Hazel Corcoran, Executive Director of the Canadian Worker Co-op Federation, believes a lack of knowledge and understanding of the worker co-op model bears much of the blame.
“The worker co-op model tends to be not well-known in Saskatchewan,” she says. “When people hear or think of co-op, they think it's going to be owned by consumers or farmers, and they don't think of an employee-owned option.”
Corcoran believes an increased emphasis on supporting and promoting the worker co-op model could make it more attractive, something the organization Co-operatives First is working to achieve. Founded and largely funded by the Co-operative Retailing System through Federated Co-operatives Limited, Co-operatives First supports and promotes co-op development in rural and Indigenous communities throughout western Canada.
One recent co-op succession success story, although not employee-owned, was the development with support from the Alberta Community and Co-operative Association of an “investment co-op” in the Alberta hamlet of Sangudo, which helped preserve the town’s butcher shop and a cafe. A couple of provinces over, the Kootenay Bakery Cafe in Nelson, BC, is still going strong almost two decades after it was purchased by its employees, but is something of an anomaly. Kyle White, Co-operatives First’s Governance and Education Lead, believes that Canadian culture may be less receptive to the worker co-op model than elsewhere.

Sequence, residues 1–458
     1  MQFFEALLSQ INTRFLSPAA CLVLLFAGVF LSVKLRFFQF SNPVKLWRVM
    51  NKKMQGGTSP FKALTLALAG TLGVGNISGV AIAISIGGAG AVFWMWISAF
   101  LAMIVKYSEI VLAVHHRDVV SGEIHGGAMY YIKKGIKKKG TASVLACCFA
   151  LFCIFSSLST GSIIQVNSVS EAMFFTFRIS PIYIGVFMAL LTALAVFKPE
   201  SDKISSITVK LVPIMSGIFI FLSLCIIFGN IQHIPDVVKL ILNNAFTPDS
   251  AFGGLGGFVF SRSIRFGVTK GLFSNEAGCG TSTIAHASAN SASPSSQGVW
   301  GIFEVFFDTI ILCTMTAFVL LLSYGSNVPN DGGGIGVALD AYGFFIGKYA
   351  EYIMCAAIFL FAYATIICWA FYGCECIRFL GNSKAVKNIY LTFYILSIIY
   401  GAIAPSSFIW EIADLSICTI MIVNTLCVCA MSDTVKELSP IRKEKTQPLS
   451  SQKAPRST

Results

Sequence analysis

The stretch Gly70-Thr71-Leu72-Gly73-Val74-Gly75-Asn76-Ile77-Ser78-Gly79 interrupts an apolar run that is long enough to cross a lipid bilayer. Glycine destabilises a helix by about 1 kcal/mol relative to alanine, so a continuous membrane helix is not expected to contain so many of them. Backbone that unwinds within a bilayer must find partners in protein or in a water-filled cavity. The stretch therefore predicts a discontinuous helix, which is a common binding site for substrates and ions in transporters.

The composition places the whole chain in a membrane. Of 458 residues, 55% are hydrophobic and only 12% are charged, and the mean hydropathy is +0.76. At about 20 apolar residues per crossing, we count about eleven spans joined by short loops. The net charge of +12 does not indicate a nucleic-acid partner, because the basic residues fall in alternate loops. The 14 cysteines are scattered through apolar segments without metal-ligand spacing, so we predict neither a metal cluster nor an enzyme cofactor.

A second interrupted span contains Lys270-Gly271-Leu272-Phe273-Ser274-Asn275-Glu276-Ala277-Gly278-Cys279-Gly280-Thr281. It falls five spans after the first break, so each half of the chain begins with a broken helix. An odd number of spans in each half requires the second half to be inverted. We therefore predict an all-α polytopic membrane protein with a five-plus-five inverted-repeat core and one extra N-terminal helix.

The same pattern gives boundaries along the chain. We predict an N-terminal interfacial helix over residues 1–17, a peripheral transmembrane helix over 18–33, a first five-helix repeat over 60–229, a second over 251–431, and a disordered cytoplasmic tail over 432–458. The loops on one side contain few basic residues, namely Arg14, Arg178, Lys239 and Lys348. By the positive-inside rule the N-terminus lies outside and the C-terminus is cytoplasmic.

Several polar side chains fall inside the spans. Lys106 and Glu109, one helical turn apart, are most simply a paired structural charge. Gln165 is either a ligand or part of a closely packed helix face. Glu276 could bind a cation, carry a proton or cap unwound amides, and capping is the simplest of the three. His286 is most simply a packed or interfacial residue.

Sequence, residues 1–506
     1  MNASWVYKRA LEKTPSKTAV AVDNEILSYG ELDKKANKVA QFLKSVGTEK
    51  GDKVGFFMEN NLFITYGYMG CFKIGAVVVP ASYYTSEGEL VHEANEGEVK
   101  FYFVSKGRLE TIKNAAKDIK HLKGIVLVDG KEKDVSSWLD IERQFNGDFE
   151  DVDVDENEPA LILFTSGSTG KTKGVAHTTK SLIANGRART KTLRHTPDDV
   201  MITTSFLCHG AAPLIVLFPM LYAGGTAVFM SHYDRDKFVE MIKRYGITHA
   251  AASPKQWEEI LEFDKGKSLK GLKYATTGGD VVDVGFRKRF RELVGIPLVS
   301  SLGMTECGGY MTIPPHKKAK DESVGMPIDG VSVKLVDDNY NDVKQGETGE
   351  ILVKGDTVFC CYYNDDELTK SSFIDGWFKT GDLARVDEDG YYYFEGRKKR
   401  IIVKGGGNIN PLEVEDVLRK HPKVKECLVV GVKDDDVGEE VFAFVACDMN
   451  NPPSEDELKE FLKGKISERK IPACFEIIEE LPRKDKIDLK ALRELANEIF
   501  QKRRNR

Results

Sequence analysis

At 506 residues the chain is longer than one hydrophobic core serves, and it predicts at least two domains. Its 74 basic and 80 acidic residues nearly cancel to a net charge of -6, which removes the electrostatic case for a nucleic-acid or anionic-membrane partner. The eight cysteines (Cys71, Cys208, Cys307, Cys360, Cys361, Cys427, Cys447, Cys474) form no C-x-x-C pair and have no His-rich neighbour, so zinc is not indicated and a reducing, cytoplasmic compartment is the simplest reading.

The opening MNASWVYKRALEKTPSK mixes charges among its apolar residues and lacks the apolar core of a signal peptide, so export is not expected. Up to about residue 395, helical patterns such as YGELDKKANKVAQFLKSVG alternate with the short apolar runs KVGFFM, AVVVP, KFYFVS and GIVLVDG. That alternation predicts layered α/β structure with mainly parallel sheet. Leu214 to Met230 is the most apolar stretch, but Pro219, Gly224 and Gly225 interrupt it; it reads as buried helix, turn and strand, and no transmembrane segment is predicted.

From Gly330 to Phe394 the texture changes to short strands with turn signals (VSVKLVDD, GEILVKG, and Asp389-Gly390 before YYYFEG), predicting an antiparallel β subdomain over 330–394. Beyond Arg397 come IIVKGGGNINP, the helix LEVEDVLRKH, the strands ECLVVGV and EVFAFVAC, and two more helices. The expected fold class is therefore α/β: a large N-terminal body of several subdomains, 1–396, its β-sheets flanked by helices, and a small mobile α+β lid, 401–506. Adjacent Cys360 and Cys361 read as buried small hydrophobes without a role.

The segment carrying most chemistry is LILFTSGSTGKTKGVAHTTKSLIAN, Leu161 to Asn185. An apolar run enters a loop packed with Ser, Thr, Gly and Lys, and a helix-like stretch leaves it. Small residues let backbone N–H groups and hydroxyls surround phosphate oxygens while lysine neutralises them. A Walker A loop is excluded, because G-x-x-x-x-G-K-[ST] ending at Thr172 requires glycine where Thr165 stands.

“The way that we approach things like business and work and employment is probably a little bit different than other parts of the world, certainly in places in Europe, where employee ownership is much more the norm,” he says. “In Canada, I think we've got just a different perception and a separation between employment and business ownership.”
The challenge may be particularly acute in rural areas. While the negative impact of even a single business shutting down makes keeping small businesses in rural areas afloat particularly important, many small businesses in these areas have few or no employees, an obvious obstacle for any employee takeover. And even where there are employees interested in the concept, there needs to be a business that’s breaking even — or better — and a surrounding community that provides a viable market.
White acknowledges that these circumstances present a tall order for employee succession. But while not glossing over the challenges that exist, he continues to have faith in the idea’s potential.
“Broadly speaking, this sort of business transition is a great way to retain services, keep assets in communities, keep jobs, all the while keeping ownership of the economy local,” he says. “So broadly I think the model aligns really well with what small towns in particular need.”
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